A panel on Islamophobia, migration and refugees was held on Nov. 1, 2016 as part of Ryerson University's annual social justice week. The panel was co-hosted by the Ryerson Centre for Immigration and Settlement and Ryerson's International Student Support focused on the effects of Islamophobia and its impact on Canadian Muslims and racialized minorities.
"The religion of Islam has been colourized," said Kamal Al-Solaylee, an associate journalism professor at Ryerson. Al-Solaylee explained how although followers of this religion have no specific ethnic or geographic background, the image of a young brown Muslim, or a veiled woman has come to signify a source of anxiety to the western world; they are now associated with terror, extremism, and gender discrimination.
According to a survey conducted by the Ontario Council of Agencies Serving Immigrants (OCASI), only a third of Ontarians have a positive impression of the religion, and that more than half feel that it's mainstream doctrines promote violence.
Statistics Canada data from April revealed that the number of police reported hate crimes towards Muslims have more than doubled within the past three years.
Binish Ahmed a researcher and PhD candidate in the policy studies program at Ryerson talked about society's preconceived notion of Canada's "race-less" nature saying that people often get uncomfortable when race is brought up in conversations.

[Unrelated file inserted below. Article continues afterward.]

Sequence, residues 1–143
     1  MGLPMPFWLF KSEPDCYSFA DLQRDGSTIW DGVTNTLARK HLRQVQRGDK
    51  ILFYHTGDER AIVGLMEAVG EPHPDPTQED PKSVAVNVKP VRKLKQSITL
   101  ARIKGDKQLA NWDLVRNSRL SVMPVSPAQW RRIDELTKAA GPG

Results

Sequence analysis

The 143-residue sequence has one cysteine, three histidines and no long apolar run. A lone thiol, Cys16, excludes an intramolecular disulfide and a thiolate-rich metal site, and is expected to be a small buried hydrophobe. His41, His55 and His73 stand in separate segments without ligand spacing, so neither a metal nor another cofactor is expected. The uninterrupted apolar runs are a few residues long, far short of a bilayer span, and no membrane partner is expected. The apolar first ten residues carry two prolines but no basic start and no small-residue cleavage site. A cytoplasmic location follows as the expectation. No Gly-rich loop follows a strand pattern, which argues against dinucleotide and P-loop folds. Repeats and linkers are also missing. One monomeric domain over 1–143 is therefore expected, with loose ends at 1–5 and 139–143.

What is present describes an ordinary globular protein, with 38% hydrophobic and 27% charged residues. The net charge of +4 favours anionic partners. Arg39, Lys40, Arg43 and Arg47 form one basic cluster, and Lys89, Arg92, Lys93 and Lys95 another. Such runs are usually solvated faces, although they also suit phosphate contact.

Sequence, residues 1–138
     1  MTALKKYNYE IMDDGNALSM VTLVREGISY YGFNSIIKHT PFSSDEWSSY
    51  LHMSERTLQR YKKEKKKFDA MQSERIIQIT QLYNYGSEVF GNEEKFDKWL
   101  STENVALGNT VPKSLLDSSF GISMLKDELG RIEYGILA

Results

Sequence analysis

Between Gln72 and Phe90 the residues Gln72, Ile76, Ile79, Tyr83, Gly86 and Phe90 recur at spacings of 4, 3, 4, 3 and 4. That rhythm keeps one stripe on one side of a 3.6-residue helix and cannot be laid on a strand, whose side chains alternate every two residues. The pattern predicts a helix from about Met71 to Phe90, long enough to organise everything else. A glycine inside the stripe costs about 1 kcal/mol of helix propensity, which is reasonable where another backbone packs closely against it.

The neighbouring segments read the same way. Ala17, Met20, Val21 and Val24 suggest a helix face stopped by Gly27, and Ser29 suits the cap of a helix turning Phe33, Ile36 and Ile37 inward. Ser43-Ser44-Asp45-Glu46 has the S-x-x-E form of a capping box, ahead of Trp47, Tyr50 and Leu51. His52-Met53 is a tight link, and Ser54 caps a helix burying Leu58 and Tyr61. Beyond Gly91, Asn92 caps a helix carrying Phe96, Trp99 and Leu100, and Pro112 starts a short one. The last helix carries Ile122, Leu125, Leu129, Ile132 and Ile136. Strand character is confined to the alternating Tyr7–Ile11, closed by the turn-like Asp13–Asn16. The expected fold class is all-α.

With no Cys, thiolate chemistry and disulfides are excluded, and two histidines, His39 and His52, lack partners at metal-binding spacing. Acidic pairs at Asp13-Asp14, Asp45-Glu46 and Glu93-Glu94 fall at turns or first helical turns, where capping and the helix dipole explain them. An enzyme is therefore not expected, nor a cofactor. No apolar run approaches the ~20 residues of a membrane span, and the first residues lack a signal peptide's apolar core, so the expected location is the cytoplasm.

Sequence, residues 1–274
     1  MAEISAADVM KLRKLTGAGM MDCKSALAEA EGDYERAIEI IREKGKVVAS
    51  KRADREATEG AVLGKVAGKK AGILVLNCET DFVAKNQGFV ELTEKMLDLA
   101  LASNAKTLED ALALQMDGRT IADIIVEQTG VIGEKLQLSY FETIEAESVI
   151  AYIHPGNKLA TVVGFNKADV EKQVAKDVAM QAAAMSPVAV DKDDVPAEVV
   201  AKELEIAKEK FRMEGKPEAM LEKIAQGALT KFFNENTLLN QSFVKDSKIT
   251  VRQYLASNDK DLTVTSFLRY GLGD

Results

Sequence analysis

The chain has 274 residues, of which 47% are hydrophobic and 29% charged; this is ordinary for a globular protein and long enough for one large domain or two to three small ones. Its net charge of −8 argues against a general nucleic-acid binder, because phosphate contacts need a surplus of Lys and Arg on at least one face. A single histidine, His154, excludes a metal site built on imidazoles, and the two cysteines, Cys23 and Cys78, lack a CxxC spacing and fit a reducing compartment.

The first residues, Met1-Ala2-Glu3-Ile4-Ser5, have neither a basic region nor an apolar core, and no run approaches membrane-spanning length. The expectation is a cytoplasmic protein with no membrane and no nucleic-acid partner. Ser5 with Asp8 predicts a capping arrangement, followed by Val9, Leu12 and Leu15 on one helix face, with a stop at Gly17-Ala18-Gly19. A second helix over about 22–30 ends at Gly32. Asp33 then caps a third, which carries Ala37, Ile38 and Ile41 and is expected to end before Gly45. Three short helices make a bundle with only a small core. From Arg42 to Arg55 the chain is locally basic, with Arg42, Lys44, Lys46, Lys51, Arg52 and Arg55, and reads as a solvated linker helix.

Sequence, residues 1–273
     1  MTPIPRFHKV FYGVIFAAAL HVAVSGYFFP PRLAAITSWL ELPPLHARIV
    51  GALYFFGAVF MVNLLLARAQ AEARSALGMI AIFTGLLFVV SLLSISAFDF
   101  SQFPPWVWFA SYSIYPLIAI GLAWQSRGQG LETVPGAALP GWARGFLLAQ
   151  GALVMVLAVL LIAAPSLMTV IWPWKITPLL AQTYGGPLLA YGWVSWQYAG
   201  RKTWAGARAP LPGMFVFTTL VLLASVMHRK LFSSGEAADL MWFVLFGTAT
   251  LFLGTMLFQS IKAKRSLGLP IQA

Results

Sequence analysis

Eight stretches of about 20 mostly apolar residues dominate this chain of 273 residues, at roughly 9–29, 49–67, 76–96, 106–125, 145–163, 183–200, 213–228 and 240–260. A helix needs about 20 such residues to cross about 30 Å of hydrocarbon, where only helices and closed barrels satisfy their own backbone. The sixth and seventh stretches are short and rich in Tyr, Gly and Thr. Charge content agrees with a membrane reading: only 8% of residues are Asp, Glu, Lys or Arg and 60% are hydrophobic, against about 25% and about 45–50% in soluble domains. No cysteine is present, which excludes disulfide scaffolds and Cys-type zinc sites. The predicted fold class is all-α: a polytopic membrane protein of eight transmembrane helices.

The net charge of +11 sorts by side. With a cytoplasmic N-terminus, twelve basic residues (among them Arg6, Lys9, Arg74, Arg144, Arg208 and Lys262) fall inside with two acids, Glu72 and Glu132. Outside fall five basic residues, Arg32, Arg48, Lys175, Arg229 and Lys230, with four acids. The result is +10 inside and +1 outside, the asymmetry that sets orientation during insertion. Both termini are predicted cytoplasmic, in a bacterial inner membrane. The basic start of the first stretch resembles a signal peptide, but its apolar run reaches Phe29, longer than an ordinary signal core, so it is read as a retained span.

Anti-Muslim racism ascribes stereotypical characteristics to people, these could include where they come from, what they believe in, and how they organize or carry themselves as groups, said Ahmed.
"You don't actually have to be Muslim to experience anti-Muslim racism. If your name sounds like what a traditional Muslim name is, then you could be targeted," said Ahmed.
During the summer, OCASI launched a public education ad campaign to address xenophobia, Islamophobia, and anti-immigrant sentiments.
The ad campaign which showed a veiled woman saying that her home was North York in response to a man telling her to "Go home" sparked debates on social media.
Debbie Douglas, executive director of the council said that the campaign received multiple criticisms, however the goal was not to get everyone to agree, but to spark conversations, discussions and debates.
"We hope that we can start a shift to an environment that is more tolerant and more accepting and safer for everyone in Toronto, and perhaps to influence people to speak out when they see something that is racist, Islamophobic or xenophobic," said Douglas.